Cafe Society review: one of the most poignant of Woody Allen’s late movies

But those who’ve already decided that Allen is a lecherous old creep will find elements here to cling onto, writes Geoffrey Macnab

Tuesday 30 August 2016 14:46
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Kristen Stewart and Jesse Eisenberg in Cafe Society
Kristen Stewart and Jesse Eisenberg in Cafe Society

Dir. Woody Allen, 96 mins, starring: Steve Carell, Jesse Eisenberg, Blake Lively, Parker Posey, Kristen Stewart

There was a strange commotion in Cannes earlier this year, which underlined just how divided opinion remains over Woody Allen and his legacy. On the eve of the screening of his 47th feature Café Society, the press carried respectful and flattering interviews with the 80-year-old director, who has always been venerated in France.

On the day of the screening itself, though, an American trade paper ran an explosive interview with his son, Ronan Farrow, in which the allegations about Allen molesting his sister Dylan Farrow were repeated. Farrow referred darkly to Allen’s formidable PR and spin machine and the way it protected him. Farrow’s article was itself subsequently attacked by Allen supporter, filmmaker Robert B Weide, director of Curb Your Enthusiasm and of a biographical documentary about Allen.

All this background noise can’t help but intrude when you watch the new Woody Allen film. You can’t approach the work innocently any more. It’s as if each new movie has become a referendum on its director’s reputation. There is a prurient fascination with his private life and a temptation to read the work through the prism of that private life.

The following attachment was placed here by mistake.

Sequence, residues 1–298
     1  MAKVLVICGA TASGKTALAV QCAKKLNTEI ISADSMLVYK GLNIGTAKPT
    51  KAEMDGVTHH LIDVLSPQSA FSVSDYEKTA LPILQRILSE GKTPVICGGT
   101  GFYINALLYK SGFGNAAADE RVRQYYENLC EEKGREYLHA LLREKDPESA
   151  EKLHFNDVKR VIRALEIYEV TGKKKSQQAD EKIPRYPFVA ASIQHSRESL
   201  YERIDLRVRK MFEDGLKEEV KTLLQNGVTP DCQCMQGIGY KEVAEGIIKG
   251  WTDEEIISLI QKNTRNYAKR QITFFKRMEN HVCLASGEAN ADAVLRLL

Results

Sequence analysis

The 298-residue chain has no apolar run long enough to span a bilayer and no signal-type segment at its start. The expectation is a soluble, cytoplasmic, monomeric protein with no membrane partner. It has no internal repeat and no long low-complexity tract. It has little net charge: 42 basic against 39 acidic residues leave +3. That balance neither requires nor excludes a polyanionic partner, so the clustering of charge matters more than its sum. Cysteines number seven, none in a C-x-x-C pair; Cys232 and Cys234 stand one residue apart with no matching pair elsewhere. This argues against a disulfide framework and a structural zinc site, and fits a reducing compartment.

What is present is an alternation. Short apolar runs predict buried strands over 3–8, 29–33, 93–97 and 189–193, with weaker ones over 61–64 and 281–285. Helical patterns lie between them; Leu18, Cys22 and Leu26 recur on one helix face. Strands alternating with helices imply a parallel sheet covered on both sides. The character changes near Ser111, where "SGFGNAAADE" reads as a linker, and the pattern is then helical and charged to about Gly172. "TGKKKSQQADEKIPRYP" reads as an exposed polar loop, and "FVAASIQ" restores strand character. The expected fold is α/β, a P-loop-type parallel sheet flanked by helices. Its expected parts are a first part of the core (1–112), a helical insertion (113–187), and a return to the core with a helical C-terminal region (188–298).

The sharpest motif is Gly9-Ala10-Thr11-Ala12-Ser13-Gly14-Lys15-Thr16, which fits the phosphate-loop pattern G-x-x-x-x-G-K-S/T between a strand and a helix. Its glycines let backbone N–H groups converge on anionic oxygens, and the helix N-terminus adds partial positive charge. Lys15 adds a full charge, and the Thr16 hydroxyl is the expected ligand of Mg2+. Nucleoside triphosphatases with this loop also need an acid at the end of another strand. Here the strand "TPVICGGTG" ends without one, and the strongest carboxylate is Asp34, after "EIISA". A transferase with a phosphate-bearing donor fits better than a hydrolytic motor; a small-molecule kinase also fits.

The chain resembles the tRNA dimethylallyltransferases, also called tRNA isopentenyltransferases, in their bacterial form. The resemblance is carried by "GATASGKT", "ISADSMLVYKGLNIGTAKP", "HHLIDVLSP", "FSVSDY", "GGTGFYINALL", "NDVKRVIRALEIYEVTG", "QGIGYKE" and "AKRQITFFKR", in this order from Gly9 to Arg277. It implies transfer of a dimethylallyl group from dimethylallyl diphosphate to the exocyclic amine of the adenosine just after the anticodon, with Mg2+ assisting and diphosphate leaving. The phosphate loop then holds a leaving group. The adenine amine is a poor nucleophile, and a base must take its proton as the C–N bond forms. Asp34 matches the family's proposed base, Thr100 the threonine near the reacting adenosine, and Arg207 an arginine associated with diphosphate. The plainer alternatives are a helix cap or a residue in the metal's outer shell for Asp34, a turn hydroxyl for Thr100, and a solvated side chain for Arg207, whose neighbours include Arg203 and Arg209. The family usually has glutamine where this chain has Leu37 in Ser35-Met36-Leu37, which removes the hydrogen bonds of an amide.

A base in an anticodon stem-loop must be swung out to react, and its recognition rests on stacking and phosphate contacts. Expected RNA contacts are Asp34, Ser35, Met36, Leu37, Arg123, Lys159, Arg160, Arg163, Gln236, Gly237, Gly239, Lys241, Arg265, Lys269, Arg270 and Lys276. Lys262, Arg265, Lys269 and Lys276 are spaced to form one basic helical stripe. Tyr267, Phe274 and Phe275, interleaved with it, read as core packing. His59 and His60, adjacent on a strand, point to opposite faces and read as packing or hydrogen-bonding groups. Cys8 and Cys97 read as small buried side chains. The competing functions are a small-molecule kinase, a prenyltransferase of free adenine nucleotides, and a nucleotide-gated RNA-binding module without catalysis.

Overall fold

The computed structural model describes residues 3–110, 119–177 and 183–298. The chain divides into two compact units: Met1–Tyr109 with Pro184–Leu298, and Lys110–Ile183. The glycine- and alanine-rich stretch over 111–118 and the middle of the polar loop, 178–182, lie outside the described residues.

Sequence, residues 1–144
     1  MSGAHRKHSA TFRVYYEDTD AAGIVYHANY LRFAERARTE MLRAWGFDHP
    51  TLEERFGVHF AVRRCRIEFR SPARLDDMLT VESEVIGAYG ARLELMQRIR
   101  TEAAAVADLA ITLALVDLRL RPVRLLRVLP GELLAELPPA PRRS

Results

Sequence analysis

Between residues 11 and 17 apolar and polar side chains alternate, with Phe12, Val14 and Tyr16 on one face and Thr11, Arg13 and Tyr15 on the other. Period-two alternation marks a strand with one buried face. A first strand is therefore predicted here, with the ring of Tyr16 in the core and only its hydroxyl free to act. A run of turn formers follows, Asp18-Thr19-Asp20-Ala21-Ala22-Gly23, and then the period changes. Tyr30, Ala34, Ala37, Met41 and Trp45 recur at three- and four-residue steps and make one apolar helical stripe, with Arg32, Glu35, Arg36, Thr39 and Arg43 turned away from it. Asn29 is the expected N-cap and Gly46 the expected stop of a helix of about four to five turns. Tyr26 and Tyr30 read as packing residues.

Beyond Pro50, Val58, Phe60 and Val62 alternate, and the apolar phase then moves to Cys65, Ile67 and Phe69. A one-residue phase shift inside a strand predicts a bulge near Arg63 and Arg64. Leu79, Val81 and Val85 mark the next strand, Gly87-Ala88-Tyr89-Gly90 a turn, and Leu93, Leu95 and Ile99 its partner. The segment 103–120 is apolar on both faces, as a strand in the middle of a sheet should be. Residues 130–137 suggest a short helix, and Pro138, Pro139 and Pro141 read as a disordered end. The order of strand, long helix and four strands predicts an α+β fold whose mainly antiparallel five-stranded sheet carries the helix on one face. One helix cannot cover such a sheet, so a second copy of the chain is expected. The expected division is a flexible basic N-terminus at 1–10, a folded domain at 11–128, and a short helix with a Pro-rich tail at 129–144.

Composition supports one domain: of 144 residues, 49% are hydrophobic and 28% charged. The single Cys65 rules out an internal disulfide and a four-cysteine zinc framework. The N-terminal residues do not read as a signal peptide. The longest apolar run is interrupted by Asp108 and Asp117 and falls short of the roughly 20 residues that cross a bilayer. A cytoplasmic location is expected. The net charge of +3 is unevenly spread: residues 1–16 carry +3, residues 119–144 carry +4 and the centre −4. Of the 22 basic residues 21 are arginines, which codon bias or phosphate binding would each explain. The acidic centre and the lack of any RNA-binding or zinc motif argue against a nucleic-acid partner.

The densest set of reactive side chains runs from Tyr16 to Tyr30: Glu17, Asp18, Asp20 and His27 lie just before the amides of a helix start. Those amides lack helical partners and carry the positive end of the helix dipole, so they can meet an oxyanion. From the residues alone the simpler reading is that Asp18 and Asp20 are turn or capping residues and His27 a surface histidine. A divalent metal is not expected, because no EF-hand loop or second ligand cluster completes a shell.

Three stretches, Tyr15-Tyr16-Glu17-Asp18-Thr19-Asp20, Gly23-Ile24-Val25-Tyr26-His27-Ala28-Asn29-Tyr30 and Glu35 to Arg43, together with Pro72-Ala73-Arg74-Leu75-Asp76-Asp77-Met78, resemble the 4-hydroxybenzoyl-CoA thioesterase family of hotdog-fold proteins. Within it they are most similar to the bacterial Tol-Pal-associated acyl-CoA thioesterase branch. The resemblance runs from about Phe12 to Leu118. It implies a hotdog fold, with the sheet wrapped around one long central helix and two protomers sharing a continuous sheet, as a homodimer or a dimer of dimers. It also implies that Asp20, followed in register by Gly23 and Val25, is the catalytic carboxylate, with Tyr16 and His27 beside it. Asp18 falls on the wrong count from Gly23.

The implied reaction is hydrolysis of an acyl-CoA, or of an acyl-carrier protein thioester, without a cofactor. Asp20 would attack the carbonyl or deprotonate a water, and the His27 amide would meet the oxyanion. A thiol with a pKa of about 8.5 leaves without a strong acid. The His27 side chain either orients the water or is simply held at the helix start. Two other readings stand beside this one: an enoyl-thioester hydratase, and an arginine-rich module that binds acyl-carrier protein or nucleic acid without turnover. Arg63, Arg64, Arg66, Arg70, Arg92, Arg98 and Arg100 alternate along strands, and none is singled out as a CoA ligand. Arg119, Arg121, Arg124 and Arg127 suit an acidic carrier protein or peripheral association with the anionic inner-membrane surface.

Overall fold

In the case of Café Society, it doesn’t help that the story is partially about an illicit relationship between a rich older man (Hollywood agent Phil, played by Steve Carell) and a vey much younger woman, Vonnie (Kristen Stewart.) There are jokes about Errol Flynn and underage sex. Those who’ve already decided that Allen is a lecherous old creep will find elements here to cling onto. Yet Café Society is also one of the richest and most poignant of Allen’s late movies; fans will relish it and enjoy the many echoes of the director’s earlier movies.

Set in the 1930s, this is a tale of two cities. Bobby Dorfman (Jesse Eisenberg) is a young man from a Jewish family in the Bronx, New York. He lives in the kind of cramped tenement building that rekindles memories of Clifford Odets plays. He has a nagging, domineering mother (Jeannie Berlin) and a gruff, sardonic father (British actor Ken Stott, gurning away in vest and braces). The Dorfman family members have veered off in many different directions. Bobby’s brother Ben (Corey Stoll) is a cheerily amoral gangster, always ready to resolve a dispute by burying anyone who disagrees with him in cement. His sister is a school teacher with a very prissy intellectual husband. His uncle Phil is the big shot agent in Hollywood. And it’s to LA that Bobby heads in search of a new life.

In Annie Hall, Alvie Singer (Allen) famously detested Los Angeles. (“It’s so clean out here,” Diane Keaton observed to him as they drove across town. “That’s because they don’t throw their garbage away. They make it into television shows,” he responded.) Bobby here is slightly more partial to the city: “half bored, half fascinated,” as he puts it.